Many objects in “Animals, Collected” have never been exhibited before. The exhibition features a selection of architectural images depicting animals – both real and mythological – which have been used as decorative elements on municipal buildings, monuments, churches and warehouses. The panoply of objects with images of animals are presented in an innovative way in groupings by their habitats: on land, in the sea and in the air, as well as those born of the imagination.
Visitors can extend their exploration of animal imagery in the museum beyond this exhibit by engaging in a museum-wide scavenger hunt, looking for animals such as eagles, horses and lions, all of which symbolize character traits, which may vary over time and across cultures.
“We hope that this exhibition and the related activities will inspire visitors to take note of the buildings around us and to reflect on the reasons why images of particular animals have been chosen to adorn various buildings,” Bristol said. “The“ Animals, Collected ”exhibit is multi-layered and can be of interest to visitors of all ages. While adults and teens may be interested in symbolic iconography, younger ones are excited to find animals, especially their favorites.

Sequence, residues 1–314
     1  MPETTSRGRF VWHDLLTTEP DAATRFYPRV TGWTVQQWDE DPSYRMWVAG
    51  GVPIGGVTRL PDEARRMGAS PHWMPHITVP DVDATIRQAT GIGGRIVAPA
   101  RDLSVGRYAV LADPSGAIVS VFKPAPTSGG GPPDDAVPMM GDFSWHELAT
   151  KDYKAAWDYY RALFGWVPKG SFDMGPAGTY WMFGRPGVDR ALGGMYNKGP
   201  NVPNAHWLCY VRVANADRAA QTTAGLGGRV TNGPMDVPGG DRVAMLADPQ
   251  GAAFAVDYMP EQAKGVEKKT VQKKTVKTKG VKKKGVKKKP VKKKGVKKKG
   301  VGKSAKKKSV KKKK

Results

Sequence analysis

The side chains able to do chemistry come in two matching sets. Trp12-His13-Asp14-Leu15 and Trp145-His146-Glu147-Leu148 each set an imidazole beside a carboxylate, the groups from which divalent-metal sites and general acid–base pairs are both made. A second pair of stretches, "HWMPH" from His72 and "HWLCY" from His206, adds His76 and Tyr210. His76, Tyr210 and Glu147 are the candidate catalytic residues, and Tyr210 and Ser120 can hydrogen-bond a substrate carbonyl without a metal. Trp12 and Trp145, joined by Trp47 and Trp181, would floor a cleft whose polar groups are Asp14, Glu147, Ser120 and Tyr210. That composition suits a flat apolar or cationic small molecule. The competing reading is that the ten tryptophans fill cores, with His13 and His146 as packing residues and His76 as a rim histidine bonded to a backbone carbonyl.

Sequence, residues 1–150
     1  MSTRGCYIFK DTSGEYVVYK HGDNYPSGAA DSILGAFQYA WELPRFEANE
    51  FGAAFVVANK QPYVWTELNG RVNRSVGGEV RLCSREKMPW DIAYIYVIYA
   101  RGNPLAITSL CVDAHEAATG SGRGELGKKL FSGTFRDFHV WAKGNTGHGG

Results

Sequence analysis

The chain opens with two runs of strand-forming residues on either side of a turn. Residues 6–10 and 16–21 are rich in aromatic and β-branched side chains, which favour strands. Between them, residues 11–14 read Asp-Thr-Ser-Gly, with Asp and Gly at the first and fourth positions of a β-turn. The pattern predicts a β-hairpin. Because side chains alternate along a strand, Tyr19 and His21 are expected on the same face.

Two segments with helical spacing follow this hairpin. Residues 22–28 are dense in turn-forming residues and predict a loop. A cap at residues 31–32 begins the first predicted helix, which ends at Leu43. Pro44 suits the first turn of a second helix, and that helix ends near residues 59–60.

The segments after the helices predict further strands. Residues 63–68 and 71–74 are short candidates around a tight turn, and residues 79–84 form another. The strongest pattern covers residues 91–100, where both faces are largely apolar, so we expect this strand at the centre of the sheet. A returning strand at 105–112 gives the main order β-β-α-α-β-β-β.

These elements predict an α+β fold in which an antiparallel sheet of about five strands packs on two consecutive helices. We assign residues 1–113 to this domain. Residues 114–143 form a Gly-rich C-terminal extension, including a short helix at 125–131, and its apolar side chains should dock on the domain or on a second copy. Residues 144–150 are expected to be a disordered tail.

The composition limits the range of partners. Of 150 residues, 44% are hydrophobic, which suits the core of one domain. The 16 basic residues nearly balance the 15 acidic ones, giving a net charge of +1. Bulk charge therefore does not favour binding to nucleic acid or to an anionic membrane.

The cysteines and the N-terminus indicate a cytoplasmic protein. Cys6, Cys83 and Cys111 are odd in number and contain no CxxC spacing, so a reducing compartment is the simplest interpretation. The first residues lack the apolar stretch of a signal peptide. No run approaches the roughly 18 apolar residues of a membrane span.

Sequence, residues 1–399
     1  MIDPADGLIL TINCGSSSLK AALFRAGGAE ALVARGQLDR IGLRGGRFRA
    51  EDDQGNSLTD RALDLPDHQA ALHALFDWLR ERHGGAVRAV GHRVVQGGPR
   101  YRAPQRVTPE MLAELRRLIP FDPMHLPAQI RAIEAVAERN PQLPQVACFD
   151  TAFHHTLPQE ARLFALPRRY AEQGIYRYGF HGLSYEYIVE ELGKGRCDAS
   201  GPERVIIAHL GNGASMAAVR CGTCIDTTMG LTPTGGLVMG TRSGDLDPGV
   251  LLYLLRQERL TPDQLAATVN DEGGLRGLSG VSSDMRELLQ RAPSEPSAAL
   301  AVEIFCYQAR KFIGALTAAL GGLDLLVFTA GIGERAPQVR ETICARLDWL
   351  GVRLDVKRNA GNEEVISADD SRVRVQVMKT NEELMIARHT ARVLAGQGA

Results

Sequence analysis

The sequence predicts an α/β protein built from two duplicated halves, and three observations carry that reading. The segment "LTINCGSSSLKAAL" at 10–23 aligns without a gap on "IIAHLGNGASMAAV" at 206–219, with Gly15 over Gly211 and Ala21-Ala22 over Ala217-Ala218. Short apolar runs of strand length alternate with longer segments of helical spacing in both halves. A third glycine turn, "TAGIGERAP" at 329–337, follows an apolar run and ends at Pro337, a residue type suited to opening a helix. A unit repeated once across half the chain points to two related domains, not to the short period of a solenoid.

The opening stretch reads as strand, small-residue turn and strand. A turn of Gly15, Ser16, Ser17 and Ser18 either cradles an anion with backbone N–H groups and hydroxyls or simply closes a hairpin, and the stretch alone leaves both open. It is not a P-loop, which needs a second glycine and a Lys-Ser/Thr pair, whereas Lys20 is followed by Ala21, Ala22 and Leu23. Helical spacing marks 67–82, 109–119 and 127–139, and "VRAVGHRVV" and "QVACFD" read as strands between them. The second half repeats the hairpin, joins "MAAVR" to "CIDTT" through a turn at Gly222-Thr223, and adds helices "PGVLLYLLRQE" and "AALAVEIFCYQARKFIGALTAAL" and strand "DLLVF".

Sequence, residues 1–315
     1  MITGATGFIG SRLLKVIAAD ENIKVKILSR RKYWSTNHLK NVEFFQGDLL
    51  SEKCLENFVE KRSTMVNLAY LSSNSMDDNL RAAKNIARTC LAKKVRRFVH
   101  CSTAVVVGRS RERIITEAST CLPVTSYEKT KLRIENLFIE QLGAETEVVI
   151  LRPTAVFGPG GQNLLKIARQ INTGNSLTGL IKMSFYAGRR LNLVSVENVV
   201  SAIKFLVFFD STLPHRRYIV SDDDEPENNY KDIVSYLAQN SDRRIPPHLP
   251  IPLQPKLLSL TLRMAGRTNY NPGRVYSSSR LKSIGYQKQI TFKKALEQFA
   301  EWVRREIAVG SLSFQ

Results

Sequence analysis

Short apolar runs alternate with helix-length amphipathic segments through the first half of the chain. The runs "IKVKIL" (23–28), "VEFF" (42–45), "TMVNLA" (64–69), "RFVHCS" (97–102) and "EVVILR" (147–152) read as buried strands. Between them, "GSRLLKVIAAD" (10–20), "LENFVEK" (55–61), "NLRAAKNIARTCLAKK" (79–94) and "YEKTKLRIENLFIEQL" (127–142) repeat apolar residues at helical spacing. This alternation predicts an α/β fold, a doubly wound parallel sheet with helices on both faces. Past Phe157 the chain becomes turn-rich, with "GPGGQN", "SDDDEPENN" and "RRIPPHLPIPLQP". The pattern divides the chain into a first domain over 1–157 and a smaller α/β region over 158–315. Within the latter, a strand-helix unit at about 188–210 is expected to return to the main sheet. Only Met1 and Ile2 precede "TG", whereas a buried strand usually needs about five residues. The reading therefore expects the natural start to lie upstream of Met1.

“House and house”
The “House & Home” exhibition includes an array of photographs, objects, models and films that take visitors on a tour of houses – both familiar and unexpected – from the past and present, which can broaden their perspective. concept of what it means to be at home in America. The exhibit features interactive “Please Touch” reconstructions made from a variety of materials used in residential construction over the years, from adobe bricks to Structural Insulation Panel (SIP) systems. Plus, intricate scale models feature iconic residential architecture, including Frank Lloyd Wright’s Fallingwater House that echoes its natural surroundings, and the 100-story Hancock Center that includes 700 condominiums above Chicago’s Magnificent Mile.